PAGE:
On the panamax dry bulk front, the vessel MV „MARINE PROSPERITY” (73,500 dwt, Sumitomo, 2001) achieved a very respectable $16.5 million from buyers of Swiss Marine, while the NYK-controlled, gearless MV „SHIRANE” (77,500 dwt, Mitsui SB, 2000) obtained a solid $15.5 million from Indonesian interests. [This is the second dry bulk vessel disposed by NYK of late, as we recently reported the sale of MV „HOKURIKU MARU” (94,250 dwt, Mitsubishi HI, 1995) at $8.9 million to Chinese buyers]. As a general comment, panamax bulkers are not behaving greatly as an asset class in the last year, as their market seems to get cannibalized from bigger vessels (kamsarmax, post-panamax, etc) and smaller vessels (ultramax, etc) and there is the general belief that once the expanded Panama Canal opens, ‘panamaxes’ will be one of the worst hit asset classes. The Supramax market has been more active in general, with MV „DYNA CRANE” (55,750 dwt, Mitsui SB, 2006) achieving a solid price of $21.5 million to Olympic Shipping, which sale compares well with the sale in last month of MV „MEDI SHANGHAI” (56,000 dwt, Mitsui SB, C4x30T, 2005) at $19.5 million. The slightly older MV „ACS DIAMOND” (53,250 dwt, New Century, C4x35T, 2005) achieved a lowly $15 million. Lauritzen Bulkers has also disposed of MV „TOUCAN BULKER” and sistership vessel MV „THUNDERBIRD BULKER” (58,000 dwt, Tsuneishi Cebu, C4x30T, 2011) at about $30 million each to Swiss Atlantique.

MV „TOUCAN BULKER” (Image source: www.shipspotting.com)

MV „TOUCAN BULKER” (Image source: http://www.shipspotting.com)

The handysize / ‘handymax’ markets have also been busy, with MV „NEW RAINBOW” (42,740 dwt, IHI, C4x30T, 1998) achieving about $11.25 million, while MV „AZURE SKY” (45,750 dwt, Hashihama, 1995) a comparable price of about $8.5 million. In the handysize proper market, MV „TUNA 7” (32,250 dwt, Saiki HI, C4x30T, 1999) obtained a very respectable price in excess of $11 million, while same-builder but smaller vessel MV „TAO TRIUMPH” (23,750 dwt, Saiki HI, C4x30T, 1997) obtained $7 million. It was a better deal for the buyers of MV „SUPER ADVENTURE” (28,750 dwt, Tsuneishi Zosen, C4x30T, 1996) at $8.2 million, while the Turkish controlled MV „HANJI INSTANBUL” (27,500 dwt, Hanjin HI, C4x30T, 1997) obtained $9 million. MV „RABEE” (28,750, C4x30T, 1998) was sold to Russian buyers at slightly less than $10 million. Wisdom Marine has allegedly flipping two handysize newbuilding contracts (34,000 dwt, Namura, C4x30T, 2016) at $25 million each to unidentified buyers, while two prompt resales from Jiangmen Nanyang (39,000 dwt, Jiangmen Nanyang, C4x30T) to European buyers fetched $23 million each. One can tell right away that this market appreciates quality, which is reflected in pricing.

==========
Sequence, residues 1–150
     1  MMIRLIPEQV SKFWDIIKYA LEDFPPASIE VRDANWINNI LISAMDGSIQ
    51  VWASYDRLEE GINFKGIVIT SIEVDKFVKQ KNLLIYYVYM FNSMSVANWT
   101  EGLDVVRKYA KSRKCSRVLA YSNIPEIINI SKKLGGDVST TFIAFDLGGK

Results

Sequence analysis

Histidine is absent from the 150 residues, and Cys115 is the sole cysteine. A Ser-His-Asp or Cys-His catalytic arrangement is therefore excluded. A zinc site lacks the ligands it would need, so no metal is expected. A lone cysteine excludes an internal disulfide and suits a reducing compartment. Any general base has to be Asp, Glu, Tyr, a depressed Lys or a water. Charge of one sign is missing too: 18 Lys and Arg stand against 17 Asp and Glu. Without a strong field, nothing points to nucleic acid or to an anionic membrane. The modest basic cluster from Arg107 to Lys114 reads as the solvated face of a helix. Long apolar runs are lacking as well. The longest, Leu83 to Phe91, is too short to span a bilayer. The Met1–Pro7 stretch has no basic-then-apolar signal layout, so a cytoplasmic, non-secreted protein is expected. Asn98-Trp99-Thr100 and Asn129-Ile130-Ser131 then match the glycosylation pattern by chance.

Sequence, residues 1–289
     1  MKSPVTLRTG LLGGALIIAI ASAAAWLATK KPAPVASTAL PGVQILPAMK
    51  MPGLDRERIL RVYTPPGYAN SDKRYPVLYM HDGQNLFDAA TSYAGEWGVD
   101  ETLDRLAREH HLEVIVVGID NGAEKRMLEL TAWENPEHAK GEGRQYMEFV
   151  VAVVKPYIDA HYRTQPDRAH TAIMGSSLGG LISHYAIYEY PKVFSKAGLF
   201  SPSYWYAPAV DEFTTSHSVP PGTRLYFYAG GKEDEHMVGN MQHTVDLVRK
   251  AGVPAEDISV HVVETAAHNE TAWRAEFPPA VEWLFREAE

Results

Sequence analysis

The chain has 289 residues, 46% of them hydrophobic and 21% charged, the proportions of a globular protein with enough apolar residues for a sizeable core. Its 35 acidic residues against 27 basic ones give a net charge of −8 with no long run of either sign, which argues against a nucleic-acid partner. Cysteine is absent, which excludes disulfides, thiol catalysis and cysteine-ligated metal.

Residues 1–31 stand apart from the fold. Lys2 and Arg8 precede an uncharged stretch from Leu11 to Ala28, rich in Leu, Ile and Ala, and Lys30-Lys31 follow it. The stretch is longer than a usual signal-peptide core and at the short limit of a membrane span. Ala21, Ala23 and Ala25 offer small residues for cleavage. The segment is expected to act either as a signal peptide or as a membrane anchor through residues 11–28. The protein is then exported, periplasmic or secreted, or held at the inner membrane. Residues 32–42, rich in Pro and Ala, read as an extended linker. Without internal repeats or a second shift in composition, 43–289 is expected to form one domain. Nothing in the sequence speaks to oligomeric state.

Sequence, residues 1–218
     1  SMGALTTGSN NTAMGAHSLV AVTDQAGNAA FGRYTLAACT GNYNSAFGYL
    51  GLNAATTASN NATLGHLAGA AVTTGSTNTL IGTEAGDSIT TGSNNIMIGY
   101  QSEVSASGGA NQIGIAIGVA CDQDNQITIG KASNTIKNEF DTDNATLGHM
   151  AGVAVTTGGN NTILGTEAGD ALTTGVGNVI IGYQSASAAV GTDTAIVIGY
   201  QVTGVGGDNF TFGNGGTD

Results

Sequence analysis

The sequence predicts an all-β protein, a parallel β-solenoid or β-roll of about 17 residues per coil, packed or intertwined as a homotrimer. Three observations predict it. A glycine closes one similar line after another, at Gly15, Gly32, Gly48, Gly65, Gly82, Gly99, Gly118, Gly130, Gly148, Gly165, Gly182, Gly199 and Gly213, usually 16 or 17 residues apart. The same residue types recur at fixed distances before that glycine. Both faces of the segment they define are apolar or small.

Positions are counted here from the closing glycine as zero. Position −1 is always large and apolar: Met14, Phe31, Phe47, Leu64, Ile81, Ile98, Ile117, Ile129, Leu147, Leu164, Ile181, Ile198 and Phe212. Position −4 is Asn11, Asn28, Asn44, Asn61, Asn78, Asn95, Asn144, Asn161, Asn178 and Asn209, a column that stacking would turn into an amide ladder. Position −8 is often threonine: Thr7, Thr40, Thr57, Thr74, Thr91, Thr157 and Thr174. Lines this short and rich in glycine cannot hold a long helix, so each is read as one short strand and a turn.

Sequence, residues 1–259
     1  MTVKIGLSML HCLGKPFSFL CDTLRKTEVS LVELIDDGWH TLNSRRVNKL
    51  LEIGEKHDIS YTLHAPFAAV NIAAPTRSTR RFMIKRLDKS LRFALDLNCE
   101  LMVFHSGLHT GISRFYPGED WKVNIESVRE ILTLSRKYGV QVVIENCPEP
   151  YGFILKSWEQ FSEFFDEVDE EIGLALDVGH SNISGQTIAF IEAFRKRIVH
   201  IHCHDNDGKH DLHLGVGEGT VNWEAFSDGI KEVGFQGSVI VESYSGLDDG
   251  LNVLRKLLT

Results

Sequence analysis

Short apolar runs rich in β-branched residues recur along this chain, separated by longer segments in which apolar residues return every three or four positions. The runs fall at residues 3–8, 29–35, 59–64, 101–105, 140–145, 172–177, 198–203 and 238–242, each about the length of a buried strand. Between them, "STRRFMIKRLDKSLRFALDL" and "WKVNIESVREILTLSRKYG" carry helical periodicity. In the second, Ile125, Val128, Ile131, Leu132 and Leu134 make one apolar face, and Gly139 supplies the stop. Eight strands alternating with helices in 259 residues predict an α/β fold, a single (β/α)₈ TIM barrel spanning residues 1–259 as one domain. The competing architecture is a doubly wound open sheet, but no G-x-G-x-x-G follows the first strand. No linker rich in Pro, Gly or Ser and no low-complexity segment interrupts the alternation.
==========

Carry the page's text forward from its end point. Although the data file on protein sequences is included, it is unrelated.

The tanker market overall has been fairly calm on the sale & purchase front, as people are still looking at charter rates in disbelief: while VLCC rates have been improving for more than a month now, since our last weekly update Suezmax and Aframax rates jumped from less than $10,000 per diem (which has been more or less the year average) to above $30,000 per diem. Oh, the miracles of the season! Ridgbury Tankers in the US have confirmed the acquisition of MV „RIO GENOA” (160,000 dwt, Universal SB, 2005) at $35.5 million, and Indonesian owners disposed of MT „GAS BALI” (5,000 cbm, Shitanoe Zosen, Pressurized/Butane, 2007) to clients of Epic Gas at $13.5 million.

The demolition market has been rather subdued (inversely correlated to freight rates,) however, recently announced subsidies in China this past week may have greater implication for the market overall than so far noted. You can read our commentary on the announcement by following this link!

The markets definitely have been busy, no doubt, for freight and sale & purchase; one has to make hay while the sun shines as they say, or ‘hoist one’s sails when the wind is fair’ as we people in shipping ought to say. Market activity is good and always welcome, but one also has to take into consideration that in about a week, the market will be ‘closed’ for a month; thus, charterers and everyone else are trying to clear their desks before go on leave, and some of this activity may very well end up being just seasonal.